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Maine’s expanded archery deer season is set to open in a few days (Sept. 8), one of the earliest deer-hunting seasons in the East. During the expanded archery season, hunters who have a valid archery license will be able to purchase multiple expanded archery antlerless permits for $12 each, and one expanded archery buck permit for $32. (Junior hunters 10 years of age or older and under 16 years of age may hunt during this season with their junior hunting license, but must purchase the expanded archery permits.)
In our area parts of the towns of Bangor, Brewer, Hampden, Hermon, Old Town, Orono and Veazie are open to hunting under the expanded archery season regulations. Portions of Augusta and Waterville are also included, but hunters are urged to contact the respective city police departments for regulations updates and other details.
A person who applies for an archery hunting license must show proof of having successfully completed an archery hunter education course or of having held an adult archery license in any year after 1979.
Junior hunters (10 years of age and under 16) who hold a valid junior hunting license are allowed to hunt with bow and arrow when accompanied by an adult 18 years of age or older.
Hunter orange clothing is not required when hunting with bow and arrow, although anyone who hunts with a firearm must wear hunter orange.
Where firearms discharge rules are not in force, a handgun may be carried by licensed (license to hunt with firearms) hunters while bowhunting, but the handgun may not be used to dispatch deer. Most hunters carry a sidearm in case they see a coyote or other legal game that is out of archery range. The need for carrying a sidearm while bowhunting is more perceived than practical, but it is legal to do so.
Deer may be taken under the archery provisions only by means of a hand-held bow with a minimum draw weight of 35 pounds and broad-head arrows. Arrowheads must be at least 7/8 inch in width.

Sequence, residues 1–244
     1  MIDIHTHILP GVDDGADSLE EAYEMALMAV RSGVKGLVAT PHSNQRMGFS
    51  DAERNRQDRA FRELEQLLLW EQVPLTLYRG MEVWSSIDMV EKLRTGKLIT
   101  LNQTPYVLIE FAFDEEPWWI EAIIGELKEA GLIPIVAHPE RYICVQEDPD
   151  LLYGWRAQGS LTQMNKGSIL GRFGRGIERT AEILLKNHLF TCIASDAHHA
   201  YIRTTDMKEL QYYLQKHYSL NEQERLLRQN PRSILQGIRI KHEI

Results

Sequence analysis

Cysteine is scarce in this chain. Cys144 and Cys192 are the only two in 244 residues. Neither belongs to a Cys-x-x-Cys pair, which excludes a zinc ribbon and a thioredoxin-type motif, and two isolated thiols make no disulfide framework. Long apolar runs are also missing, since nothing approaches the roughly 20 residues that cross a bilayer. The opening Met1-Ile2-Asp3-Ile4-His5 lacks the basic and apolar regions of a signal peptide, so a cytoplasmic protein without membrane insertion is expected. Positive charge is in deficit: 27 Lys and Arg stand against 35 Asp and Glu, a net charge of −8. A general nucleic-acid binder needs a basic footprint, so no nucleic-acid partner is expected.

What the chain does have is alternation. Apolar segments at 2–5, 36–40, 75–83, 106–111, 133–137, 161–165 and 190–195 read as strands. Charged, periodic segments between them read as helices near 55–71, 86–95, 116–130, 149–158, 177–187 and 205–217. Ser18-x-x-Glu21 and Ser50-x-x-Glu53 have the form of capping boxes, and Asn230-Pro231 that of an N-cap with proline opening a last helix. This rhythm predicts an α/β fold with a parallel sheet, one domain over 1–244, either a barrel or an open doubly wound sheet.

It is unlawful to use a crossbow during the archery seasons on deer, except that certain disabled persons who have a special permit issued by the Maine Department of Inland Fisheries and Wildlife commissioner may use a crossbow during the archery seasons on deer.
All deer killed by bow and arrow during the archery seasons must be inspected and registered at the nearest open deer registration station.
It is legal to hunt until 1/2 hour after sunset during both archery seasons on deer and during the fall turkey-hunting season.
Deer of either sex may be taken during the special archery season. The bag limit is one buck and-or multiple antlerless deer (with appropriate expanded archery season permits). All other laws pertaining to deer hunting shall apply to bowhunting.
The expanded archery areas were established to provide deer-hunting opportunities in locations in where deer populations can withstand additional hunting pressure without negatively impacting other existing deer-hunting opportunities or human safety. A number of areas in central and southern Maine meet these criteria. They include Wildlife Management District 29, a portion of WMD 24, and nine smaller areas. Most are characterized by intensive residential development interspersed with small woodlots. Much of this area cannot be hunted with firearms due to municipal ordinances banning the discharge of firearms.